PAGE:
I can’t remember a time in my life where I wasn’t traveling. Ever since I was little Dani Tami, my parents constantly took us out of Agoura and onto either the open rode in a 15 seater van, or piled us into a plane to some country at the other corner of the globe. It is something I’ve always known. Spring and winter break never meant staying in town, and while looking back, these are trips that I am so grateful to my parents for. From a young age, they made me have to wander, whether I knew it then or not. So really, they shouldn’t be shocked at my current locale now should they? The answer is no. So Mama and Papa Schaeff, it’s all your fault!
This week’s travel theme is about “the moment”. The moment that you know your life is changed by travel either by a place, thing, time, person, whatever. I actually quite frequently get this feeling of absolute content whenever I’m traveling that’s much different from the feeling of the normal day-to-day. It’s one of those feelings that sparks so often, even in doing normal everyday things like taking a shower, that “real life” feels so far away in that second. Actually, since living in Korea, I’ve had so many of those moments. So many “I’m so happy I’m in Korea” moments, which helped me realize that moving here was the best decision I’ve ever made.
That being said, It’s kind of hard to pick just one moment that changed my life, so I’m going to pick two. The one that started it all, and a more recent one. Full circle that shit.
I can pinpoint that moment when I knew I needed to live abroad. I was in 4th grade, on a spring break trip with my family to Paris. I remember standing in a little street shop wanting to buy one of those collectors silver spoons that people used to collect like shot glasses. Maybe they still do, but I don’t. Either way, my dad gave me a few Francs to buy it, and then we made a mad dash out to the main street and into a random burst of hail. Across the street were the larger-than-life green and gold statues gleaming down at me in my yellow puffy jacket and red beret. The cars were driving haphazardly, yet somehow weaving in and out of each other in some fashion of chaotic order which I still to this day can’t place, even with my most likely ADD. We were trying to catch a Mercedes Benz taxi. A Mercedes Benz taxi! Wow, “Paris is rich!” I thought! That smell of the ice smashing on the pavement is one that I still catch random whiffs of in moments that are fleeting, and I am instantly transported back to Paris as the little girl in the jacket that could stop traffic. After that trip, while wearing our matching Sorbonne University sweatshirts, my sister and I both told our mom that we were going to go to college at Sorbonne and live in Paris.
That didn’t happen for either of us, but I still look at that certainty as the pivotal moment of when I just knew I wasn’t going to spend my whole life living in the States.
Flash forward to adult woman “mature” life and my first solo trip to the stunning, magnificent, lush Bali! I had found a guy named Gusti who offered to take me on a half day excursion on the back of his motorbike to see some temples and a Luwak coffee plantation. The plantation was actually something that I thought was going to be a scam and I’d be just nodding my head in a polite effort to get it over with. However, after about a minute of meeting Oher, and listening to him tell me about harvesting the different kinds of coffee beans, I was totally interested. I knew I wasn’t just asking random questions to appease him. Instead, I started to find him remarkably charming in a sweet old man kind of way. After teaching about all the different kinds of beans, showing me how to crack them open, introducing me to the pooping Luwak, and letting me smell all the various herbs, we sat down to taste some coffee and indulge in conversation.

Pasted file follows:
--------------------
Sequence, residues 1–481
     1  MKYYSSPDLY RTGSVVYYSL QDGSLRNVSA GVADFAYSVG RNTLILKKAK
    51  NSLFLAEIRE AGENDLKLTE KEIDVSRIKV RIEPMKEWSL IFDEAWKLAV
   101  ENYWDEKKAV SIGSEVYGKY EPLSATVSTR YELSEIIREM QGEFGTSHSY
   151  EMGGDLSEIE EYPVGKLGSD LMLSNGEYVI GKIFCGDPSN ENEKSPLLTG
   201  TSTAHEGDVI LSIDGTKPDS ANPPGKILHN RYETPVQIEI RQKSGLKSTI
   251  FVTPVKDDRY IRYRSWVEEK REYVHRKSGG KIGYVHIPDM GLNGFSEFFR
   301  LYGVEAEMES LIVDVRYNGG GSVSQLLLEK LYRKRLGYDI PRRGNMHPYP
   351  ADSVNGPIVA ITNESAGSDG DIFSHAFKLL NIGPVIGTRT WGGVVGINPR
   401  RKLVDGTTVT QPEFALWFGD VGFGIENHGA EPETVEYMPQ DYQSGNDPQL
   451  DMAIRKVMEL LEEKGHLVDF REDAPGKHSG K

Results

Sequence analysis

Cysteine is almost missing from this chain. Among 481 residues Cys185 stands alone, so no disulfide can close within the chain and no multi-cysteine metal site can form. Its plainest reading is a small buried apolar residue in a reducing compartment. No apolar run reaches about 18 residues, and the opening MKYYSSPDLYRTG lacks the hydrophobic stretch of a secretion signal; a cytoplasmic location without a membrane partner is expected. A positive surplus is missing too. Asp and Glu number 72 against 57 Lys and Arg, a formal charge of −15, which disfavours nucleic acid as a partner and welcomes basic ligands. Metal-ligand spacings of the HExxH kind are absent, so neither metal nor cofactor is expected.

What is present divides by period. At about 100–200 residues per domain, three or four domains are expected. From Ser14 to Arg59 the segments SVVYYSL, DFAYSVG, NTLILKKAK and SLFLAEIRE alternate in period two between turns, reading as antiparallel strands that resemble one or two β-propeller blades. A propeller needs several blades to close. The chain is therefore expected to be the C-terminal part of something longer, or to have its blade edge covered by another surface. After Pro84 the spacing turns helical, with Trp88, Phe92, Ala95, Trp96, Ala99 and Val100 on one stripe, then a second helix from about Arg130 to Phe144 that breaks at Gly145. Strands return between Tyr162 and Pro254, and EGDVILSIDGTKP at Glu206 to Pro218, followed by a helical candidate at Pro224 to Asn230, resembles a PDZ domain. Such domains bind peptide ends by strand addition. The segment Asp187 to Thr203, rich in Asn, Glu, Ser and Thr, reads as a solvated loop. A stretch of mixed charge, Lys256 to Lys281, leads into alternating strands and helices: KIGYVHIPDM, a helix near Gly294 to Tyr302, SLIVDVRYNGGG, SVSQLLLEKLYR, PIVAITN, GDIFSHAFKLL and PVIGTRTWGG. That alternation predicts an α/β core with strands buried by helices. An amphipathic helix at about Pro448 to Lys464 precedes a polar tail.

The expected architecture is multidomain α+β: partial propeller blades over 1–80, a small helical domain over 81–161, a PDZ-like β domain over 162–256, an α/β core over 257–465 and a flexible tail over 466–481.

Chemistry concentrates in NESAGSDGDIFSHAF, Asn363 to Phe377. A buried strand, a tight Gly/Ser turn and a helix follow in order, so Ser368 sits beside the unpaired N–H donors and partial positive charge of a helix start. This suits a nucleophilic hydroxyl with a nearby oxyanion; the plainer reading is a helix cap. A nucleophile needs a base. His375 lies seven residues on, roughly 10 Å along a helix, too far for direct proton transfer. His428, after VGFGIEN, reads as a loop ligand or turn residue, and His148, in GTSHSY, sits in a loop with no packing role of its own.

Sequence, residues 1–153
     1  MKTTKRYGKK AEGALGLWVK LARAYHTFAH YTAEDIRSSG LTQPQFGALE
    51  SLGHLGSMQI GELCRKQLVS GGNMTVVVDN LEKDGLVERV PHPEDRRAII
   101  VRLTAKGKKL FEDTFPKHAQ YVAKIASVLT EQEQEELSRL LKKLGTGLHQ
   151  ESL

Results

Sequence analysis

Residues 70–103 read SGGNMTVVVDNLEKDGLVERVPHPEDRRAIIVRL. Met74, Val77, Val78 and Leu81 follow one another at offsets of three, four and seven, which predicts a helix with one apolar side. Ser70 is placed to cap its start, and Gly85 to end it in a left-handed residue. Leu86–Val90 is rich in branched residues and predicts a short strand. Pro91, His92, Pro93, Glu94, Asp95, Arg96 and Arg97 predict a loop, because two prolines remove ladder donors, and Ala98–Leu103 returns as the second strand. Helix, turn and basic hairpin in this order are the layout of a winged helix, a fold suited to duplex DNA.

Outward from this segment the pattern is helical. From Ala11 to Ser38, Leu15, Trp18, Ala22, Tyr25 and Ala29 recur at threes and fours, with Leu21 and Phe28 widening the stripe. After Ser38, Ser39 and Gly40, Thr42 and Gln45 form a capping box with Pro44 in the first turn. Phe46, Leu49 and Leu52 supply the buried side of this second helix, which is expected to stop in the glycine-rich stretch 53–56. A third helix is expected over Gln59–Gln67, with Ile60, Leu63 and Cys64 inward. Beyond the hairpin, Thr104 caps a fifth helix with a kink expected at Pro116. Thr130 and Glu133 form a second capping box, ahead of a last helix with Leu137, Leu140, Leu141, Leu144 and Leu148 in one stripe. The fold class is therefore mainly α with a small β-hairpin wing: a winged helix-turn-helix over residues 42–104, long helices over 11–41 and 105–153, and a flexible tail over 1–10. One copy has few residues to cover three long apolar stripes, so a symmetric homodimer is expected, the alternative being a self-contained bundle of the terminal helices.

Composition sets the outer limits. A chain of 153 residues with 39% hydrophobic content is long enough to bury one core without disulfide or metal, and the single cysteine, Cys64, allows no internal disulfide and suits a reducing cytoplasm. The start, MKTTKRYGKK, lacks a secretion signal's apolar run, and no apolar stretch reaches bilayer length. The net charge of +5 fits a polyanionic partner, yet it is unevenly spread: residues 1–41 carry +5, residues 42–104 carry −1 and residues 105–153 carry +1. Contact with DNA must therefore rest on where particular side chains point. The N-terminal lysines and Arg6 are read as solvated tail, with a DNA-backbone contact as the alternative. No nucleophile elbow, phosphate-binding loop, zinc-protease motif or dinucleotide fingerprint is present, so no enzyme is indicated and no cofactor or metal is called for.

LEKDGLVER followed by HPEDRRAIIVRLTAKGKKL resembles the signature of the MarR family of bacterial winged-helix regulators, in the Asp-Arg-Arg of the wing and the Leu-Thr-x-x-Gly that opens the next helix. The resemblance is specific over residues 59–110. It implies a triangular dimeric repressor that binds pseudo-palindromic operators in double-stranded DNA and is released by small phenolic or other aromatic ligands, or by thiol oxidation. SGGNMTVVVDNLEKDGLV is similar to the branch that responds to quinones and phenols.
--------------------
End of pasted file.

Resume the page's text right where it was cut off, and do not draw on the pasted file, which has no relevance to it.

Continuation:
Over 10 little cups of coffee and tea, Oher asked about the places I’ve traveled, explained how he’s studied English for 4 years just by talking with customers, told me about his 10 year old daughter, Wayan, who loves Hello Kitty, and how he has been raising her on his own since his wife of 25 years passed away 2 years ago, a subject that actually brought him to tears. As he teared up, it reminded me of why I am so in love with experiencing all the world has. I love meeting people on these journeys and getting a little glimpse into their world that’s so different from my own, but fundamentally so similar when you get down to the bare bones of being a human. Here I was sitting at a hand carved wooden table with a 45ish year old man who looked well into his 60s, who spoke remarkable English for being self-taught, some snakeskin fruit and 10 empty cups of coffee, enjoying one of the best moments I’ve had while on the move.
I actually happened to be wearing a Hello Kitty ring that I bought in Korea for 2,000won. I gave it to Oher as a gift for his daughter from an American girl. He was so shocked that I was just giving it to him. I said I could buy another, it was no problem. He said thank you about a million times and was so eternally grateful for that small plastic piece of jewelry that it just made me smile.
These are moments that remind me of why I’m so happy I’m staying in Korea another year. Another year of exploring this whack but stunning continent, and after that, who knows what the next moment will be
I decided to start writing some weekly travel theme pieces that other travel blogs will be changing up each week. So look out for some random variety